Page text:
UBC Theses and Dissertations

UBC Theses Logo

UBC Theses and Dissertations

An evaluation and analysis of the neighbourhood unit concept McConnell, Robert Shean 1958

Your browser doesn't seem to have a PDF viewer, please download the PDF to view this item.

Item Metadata

Download

Media
831-UBC_1958_A6_7 M2 E9.pdf [ 6.82MB ]
Metadata
JSON: 831-1.0106145.json
JSON-LD: 831-1.0106145-ld.json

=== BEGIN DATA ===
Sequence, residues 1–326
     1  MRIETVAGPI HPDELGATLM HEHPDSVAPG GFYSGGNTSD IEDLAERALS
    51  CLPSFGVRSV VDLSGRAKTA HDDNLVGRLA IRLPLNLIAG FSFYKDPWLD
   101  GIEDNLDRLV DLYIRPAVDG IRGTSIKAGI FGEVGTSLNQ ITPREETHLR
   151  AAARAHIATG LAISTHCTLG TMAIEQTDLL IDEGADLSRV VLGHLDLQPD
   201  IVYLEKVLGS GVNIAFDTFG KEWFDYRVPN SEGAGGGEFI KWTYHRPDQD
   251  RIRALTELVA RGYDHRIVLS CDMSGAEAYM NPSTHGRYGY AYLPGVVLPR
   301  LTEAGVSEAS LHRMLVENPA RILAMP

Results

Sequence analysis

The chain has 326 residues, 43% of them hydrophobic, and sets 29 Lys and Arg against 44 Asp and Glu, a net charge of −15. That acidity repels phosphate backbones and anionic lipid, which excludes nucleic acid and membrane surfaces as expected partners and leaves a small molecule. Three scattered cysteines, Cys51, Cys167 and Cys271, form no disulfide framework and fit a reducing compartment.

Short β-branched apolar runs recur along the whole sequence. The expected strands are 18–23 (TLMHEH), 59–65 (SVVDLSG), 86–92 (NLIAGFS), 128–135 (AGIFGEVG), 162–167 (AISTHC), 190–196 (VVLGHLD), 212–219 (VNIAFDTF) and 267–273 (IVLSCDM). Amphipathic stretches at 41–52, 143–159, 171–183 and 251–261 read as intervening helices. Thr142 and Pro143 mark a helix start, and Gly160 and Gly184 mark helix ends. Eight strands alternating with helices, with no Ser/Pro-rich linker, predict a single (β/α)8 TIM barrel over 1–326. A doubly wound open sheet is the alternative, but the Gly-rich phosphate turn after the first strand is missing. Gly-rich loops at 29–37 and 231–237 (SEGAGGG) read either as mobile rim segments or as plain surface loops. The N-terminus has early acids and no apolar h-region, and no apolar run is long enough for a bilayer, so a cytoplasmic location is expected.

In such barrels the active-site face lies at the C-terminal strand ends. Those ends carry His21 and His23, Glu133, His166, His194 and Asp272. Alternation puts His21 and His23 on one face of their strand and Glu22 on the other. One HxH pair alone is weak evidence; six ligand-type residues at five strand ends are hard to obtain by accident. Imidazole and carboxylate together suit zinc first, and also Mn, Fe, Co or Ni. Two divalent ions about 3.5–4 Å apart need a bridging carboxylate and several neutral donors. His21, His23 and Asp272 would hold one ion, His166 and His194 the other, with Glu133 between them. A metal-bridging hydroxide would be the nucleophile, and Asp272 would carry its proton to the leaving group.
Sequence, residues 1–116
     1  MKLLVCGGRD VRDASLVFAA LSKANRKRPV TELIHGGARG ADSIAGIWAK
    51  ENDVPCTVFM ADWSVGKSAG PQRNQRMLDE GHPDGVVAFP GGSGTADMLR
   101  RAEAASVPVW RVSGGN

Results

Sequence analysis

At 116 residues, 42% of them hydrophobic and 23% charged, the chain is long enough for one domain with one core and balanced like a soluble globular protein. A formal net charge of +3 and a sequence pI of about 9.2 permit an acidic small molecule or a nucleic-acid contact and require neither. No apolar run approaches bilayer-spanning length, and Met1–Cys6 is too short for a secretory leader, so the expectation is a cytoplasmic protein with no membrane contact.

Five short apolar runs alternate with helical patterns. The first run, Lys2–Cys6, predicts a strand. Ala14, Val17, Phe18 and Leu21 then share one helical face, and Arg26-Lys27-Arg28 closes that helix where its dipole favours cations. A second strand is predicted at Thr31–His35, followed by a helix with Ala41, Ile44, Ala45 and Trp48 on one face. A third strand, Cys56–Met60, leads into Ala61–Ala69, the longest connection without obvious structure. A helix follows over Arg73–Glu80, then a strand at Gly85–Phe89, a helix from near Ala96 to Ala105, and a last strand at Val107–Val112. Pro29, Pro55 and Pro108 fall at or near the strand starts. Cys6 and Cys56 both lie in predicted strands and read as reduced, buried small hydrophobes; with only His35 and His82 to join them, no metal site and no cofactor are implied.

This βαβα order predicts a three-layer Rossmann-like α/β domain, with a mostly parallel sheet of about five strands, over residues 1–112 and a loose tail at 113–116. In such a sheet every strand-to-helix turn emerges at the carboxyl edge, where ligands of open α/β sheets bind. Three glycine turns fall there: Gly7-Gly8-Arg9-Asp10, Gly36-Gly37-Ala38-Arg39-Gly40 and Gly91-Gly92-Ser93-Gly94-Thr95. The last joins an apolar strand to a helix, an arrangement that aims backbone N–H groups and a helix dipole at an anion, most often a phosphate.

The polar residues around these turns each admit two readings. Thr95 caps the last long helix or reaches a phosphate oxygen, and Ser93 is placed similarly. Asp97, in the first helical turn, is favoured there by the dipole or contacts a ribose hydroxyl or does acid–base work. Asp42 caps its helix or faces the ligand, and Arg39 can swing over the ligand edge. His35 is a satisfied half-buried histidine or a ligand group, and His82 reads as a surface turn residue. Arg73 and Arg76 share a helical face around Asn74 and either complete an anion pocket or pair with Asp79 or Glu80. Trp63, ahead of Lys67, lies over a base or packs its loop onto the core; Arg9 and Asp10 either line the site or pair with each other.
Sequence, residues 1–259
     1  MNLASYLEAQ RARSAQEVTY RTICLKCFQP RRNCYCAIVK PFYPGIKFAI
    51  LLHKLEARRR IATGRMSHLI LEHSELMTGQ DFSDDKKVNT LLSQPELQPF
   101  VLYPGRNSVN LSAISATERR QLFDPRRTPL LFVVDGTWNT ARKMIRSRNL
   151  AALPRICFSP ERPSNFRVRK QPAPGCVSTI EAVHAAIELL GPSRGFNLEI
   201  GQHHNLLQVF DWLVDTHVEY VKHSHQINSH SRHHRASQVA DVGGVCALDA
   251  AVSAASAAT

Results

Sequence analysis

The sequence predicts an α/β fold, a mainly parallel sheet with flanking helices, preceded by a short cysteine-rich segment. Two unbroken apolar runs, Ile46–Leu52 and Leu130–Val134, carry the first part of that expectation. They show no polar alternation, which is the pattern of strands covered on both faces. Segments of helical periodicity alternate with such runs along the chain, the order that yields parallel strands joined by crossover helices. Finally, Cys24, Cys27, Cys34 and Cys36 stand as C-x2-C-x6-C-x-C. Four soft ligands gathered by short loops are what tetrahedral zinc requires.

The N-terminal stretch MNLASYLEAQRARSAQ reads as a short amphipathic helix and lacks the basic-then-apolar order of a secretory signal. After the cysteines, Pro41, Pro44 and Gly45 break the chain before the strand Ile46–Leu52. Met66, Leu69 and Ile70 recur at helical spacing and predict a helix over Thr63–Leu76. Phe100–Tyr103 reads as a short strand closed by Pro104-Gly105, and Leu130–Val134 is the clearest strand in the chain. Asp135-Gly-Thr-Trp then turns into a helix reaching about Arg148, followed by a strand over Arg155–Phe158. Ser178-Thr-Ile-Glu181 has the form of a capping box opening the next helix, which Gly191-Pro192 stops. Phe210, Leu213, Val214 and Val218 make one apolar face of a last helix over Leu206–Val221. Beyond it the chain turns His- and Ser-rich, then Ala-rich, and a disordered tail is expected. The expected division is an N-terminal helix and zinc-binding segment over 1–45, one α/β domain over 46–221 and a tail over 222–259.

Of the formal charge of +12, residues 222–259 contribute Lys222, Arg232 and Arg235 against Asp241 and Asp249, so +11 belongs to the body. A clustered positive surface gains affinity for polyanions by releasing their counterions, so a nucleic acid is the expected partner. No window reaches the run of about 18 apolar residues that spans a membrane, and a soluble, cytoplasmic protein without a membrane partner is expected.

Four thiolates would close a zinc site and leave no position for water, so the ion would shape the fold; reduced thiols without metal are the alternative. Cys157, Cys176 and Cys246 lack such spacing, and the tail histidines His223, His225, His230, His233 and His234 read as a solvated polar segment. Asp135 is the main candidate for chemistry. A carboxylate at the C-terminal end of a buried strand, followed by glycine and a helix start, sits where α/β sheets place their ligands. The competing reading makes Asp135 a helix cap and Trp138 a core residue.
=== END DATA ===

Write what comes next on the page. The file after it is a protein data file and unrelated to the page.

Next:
RDF/XML (Pretty): 831-1.0106145-rdf.xml
RDF/JSON: 831-1.0106145-rdf.json
Turtle: 831-1.0106145-turtle.txt
N-Triples: 831-1.0106145-rdf-ntriples.txt
Original Record: 831-1.0106145-source.json
Full Text
831-1.0106145-fulltext.txt
Citation
831-1.0106145.ris

Full Text